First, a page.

Marquee weddings are wonderful. You can pretty much start from scratch and personalise your design right down to the last detail. But don't get caught out when it comes to your music. If you don't plan everything carefully you could really upset your neighbours. We asked Susan Heaton-Wright from Viva Live Music how to avoid the pitfalls of live music in a marquee. Here is what she said...
“Last week I attended an event in a beautiful marquee. The venue and the catering was wonderful. There was also an excellent duo of musicians, but guests struggled to speak to each other despite the music being ‘background’. It was a shame because the musicians were great and it was a fabulous event.
Marquees are particularly challenging for sound. The ‘walls’ don’t allow sound to bounce off them, and most marquees are quite large, so in order for guests to hear and enjoy the music, amplification and sound levels need to be higher.
In addition to this, the sound does not remain in the marquee and neighbours can be disturbed by any entertainment: whether it be a DJ, band or just the sound of guests talking. Therefore noise levels need to be managed carefully, to ensure guests’ enjoyment and neighbours expectation is met.
We heard that Paul McCartney’s wedding caused angry neighbours to contact Environmental Health in the early hours, and for them to visit the venue to have the music stopped. We don’t want this to happen at another wedding!
Initially, I would seek advice from Environmental Health at your local authority. They have the power, ultimately, to have music stopped if an event is disturbing neighbours and no one wants this to happen at a wedding. They would be able to advise you on what time the music should be stopped (whether it be a live band or a disco) and also the sound volume (decibels). Local authorities vary with their systems, but it could be that you could register the event and agree on timings and sound levels (and remember to have a decibel meter), so if there are any complaints from neighbours, you will be able to prove you have permission.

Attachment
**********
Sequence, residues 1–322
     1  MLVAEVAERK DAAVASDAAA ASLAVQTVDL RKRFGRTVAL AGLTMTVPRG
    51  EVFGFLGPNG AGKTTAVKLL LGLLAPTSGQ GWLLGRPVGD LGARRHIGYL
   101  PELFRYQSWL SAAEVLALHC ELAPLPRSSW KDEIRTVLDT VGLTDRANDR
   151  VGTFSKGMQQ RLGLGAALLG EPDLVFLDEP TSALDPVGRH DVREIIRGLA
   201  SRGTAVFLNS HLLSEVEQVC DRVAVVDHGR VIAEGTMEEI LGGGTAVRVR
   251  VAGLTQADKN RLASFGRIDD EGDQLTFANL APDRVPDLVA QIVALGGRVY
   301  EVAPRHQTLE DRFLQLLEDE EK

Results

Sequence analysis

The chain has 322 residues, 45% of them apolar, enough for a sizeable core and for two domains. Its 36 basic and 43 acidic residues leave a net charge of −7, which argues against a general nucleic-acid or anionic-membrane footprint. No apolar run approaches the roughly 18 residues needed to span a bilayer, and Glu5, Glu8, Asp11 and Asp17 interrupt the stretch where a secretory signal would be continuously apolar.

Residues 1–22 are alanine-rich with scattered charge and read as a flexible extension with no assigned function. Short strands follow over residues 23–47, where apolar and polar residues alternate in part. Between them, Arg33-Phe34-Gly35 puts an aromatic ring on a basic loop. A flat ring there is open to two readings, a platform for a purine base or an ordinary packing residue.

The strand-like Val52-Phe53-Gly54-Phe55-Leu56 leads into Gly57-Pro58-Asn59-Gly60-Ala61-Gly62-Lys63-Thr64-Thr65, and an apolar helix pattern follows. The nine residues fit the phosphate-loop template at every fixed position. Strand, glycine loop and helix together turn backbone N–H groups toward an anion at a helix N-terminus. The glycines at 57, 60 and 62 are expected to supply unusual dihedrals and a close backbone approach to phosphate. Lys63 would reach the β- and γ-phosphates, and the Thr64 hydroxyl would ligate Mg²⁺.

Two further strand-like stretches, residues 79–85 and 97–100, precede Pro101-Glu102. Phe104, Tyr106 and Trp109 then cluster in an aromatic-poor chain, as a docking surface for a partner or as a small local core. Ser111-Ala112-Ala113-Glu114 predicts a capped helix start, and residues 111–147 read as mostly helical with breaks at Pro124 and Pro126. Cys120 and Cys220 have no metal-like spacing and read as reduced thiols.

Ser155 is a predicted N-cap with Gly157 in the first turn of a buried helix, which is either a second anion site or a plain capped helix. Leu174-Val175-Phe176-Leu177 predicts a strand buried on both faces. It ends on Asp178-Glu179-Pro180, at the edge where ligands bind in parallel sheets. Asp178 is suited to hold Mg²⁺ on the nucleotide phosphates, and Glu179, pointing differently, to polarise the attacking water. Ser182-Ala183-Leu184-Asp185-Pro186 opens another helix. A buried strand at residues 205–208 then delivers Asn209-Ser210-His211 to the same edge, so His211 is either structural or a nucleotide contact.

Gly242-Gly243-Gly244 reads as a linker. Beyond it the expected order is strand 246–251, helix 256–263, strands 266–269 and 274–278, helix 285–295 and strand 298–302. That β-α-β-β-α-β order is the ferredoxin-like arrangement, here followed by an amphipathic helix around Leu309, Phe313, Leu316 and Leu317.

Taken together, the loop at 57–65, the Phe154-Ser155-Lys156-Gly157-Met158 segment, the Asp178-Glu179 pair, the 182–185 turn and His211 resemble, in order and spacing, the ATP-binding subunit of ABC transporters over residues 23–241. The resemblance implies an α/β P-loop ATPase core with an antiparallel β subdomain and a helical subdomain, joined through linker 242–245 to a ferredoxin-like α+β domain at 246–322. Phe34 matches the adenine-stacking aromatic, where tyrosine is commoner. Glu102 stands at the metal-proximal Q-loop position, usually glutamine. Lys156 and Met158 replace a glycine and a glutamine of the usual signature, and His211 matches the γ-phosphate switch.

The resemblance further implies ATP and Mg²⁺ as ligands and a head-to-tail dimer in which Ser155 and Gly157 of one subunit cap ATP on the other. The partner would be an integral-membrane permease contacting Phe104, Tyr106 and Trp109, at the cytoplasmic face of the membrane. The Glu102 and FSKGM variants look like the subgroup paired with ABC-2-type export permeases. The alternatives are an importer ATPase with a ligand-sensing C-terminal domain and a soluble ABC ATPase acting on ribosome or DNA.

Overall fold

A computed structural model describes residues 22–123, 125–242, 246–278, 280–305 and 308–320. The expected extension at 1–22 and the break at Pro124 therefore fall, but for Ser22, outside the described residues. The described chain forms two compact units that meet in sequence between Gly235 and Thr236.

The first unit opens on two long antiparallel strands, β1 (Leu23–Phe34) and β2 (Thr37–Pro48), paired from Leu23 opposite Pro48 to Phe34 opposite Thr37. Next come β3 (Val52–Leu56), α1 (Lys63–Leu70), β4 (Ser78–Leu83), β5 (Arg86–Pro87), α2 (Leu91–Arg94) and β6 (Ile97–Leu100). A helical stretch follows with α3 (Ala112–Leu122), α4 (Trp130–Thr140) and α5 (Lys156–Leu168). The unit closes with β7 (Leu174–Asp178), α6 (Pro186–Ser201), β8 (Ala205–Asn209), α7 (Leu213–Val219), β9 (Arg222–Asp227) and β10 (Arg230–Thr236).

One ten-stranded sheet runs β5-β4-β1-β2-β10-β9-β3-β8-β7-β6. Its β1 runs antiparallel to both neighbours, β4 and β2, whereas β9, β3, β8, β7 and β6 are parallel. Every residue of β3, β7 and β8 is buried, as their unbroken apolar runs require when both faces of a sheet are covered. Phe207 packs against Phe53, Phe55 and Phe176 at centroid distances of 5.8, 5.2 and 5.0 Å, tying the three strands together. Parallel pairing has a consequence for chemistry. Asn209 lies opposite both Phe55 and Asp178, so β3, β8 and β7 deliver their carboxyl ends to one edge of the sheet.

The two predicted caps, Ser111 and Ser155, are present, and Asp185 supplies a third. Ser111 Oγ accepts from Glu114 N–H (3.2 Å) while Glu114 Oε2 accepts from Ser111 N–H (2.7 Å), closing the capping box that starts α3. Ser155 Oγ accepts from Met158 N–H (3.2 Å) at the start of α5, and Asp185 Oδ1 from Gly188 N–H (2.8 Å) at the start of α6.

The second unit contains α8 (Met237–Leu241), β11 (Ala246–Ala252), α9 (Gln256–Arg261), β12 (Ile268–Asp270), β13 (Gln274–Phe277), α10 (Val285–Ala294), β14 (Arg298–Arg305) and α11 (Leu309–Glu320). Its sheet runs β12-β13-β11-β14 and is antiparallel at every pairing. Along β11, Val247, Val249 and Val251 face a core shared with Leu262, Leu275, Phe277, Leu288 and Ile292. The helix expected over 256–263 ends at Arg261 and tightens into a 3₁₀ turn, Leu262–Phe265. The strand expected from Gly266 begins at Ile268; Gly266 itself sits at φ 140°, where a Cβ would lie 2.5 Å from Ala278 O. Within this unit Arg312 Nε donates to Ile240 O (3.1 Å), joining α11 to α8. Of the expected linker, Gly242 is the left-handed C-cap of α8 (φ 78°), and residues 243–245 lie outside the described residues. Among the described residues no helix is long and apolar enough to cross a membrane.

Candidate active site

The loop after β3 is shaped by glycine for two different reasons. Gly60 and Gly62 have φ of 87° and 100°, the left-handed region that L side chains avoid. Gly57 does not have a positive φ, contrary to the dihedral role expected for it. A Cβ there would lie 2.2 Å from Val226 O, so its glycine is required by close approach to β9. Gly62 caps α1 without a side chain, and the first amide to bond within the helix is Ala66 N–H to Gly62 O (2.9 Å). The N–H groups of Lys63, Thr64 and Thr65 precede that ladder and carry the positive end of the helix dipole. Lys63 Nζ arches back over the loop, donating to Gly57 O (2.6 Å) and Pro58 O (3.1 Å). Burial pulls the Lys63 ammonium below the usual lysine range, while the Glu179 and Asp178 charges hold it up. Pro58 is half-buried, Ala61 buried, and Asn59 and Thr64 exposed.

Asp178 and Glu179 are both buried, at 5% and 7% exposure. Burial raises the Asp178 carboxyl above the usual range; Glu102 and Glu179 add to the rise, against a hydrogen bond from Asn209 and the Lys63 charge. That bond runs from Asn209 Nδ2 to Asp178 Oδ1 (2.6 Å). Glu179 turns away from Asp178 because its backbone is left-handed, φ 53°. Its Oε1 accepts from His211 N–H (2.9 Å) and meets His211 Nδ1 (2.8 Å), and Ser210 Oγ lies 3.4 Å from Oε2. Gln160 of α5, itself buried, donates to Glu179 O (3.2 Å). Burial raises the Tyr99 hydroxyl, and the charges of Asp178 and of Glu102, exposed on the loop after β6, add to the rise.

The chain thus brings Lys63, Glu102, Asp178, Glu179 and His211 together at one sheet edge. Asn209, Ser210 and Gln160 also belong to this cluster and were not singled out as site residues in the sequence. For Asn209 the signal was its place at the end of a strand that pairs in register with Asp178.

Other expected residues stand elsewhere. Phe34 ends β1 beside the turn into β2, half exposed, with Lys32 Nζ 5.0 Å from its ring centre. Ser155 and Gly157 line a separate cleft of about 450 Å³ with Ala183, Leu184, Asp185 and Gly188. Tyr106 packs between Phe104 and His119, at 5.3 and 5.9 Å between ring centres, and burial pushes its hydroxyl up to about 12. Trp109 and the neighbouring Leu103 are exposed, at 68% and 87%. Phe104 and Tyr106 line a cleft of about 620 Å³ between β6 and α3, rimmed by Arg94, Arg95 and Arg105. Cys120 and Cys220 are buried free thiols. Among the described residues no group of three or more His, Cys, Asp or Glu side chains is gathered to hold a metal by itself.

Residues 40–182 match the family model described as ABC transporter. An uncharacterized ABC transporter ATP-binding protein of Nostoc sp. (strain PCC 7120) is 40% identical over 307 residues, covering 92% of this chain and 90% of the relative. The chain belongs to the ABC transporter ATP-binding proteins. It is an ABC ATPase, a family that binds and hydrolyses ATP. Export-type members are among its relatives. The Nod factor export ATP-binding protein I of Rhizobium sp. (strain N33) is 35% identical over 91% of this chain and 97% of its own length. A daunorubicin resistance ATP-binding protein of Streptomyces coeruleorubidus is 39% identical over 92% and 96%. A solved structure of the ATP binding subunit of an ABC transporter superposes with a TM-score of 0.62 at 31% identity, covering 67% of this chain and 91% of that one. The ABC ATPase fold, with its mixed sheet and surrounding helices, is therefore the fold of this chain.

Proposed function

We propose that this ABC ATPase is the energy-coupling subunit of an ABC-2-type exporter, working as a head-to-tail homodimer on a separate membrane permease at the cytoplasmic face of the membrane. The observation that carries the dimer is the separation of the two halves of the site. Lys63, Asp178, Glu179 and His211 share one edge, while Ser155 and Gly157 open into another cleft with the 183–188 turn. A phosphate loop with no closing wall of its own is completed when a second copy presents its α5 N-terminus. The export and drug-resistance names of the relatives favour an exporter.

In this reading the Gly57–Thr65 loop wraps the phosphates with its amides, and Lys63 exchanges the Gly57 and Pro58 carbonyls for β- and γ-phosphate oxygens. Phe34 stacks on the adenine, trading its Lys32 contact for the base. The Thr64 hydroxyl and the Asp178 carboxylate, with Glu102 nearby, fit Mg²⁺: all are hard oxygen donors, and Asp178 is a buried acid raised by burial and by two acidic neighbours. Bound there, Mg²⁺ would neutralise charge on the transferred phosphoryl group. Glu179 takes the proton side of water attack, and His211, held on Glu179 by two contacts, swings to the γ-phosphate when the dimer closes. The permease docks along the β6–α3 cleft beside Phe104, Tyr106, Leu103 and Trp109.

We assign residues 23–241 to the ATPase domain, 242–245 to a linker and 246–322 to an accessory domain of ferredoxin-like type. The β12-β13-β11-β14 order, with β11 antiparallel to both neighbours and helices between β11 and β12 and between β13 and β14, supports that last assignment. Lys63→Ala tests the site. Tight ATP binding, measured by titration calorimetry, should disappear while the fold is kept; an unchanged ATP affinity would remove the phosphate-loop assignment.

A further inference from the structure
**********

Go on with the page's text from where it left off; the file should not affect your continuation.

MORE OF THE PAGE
There are other tips regarding sound levels;
- Make sure the musicians set up and sound check in plenty of time. Give them a deadline when they can do this BEFORE the event – don’t tell them on the day.
- Delegate someone in your party: a best man, father of the bride etc. who will monitor the sound levels.
- Choose musicians or a DJ that will respond to requests for sound levels to be managed. We always have a clause saying that musicians respond to requests for music volume to be altered by clients – I would recommend this is put in any contract.
- Be clear about whether you want the musicians or music to be ‘background’ or a ‘feature’ – eg After dinner cabaret or a band.
- As I mentioned earlier, marquees are particularly difficult to supply sound to; so often musicians only have two speaks at the front, and will put the volume of those high, so it is too loud in front of them, but the other side of the marquee can’t hear the music. A better solution is to have four speakers, one in each corner. The volume can be kept lower and more guests can hear it.
- It is worthwhile using the services of a sound engineer who will mix the sound levels correctly. A common mistake for DJs and musicians is to put the treble too loud, which in a marquee is particularly difficult for guests to hear each other speak as the sound cuts through the atmosphere.
In the end, it is about being informed; for the musicians or DJ working with the client to ensure the event goes well; listening to the client and also the client being prepared with timings for the supplier to ensure the event is a great success.”